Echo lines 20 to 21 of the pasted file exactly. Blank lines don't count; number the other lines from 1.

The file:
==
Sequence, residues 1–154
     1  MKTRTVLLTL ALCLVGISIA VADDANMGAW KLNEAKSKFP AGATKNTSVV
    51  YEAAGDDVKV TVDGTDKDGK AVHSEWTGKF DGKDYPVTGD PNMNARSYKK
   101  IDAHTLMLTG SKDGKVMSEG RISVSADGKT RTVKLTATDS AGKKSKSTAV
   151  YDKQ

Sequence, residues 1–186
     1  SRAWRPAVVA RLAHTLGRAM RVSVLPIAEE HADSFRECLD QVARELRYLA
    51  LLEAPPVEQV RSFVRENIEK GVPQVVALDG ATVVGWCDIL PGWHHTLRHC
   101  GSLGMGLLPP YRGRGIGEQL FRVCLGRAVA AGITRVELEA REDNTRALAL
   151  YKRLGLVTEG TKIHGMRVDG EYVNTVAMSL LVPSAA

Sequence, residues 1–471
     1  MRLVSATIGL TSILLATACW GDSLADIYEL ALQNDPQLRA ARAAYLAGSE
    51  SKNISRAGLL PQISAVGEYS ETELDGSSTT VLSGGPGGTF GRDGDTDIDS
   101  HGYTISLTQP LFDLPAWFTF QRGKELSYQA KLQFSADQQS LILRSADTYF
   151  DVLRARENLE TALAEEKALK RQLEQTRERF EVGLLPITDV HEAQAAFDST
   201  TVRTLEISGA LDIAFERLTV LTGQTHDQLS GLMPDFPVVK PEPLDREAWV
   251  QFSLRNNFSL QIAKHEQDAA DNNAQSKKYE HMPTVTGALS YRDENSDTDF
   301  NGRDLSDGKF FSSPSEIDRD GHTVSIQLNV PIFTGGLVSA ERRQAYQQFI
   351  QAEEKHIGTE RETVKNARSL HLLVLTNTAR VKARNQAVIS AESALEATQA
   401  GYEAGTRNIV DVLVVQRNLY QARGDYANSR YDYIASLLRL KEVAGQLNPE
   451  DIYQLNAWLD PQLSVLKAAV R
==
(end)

   401  GYEAGTRNIV DVLVVQRNLY QARGDYANSR YDYIASLLRL KEVAGQLNPE
   451  DIYQLNAWLD PQLSVLKAAV R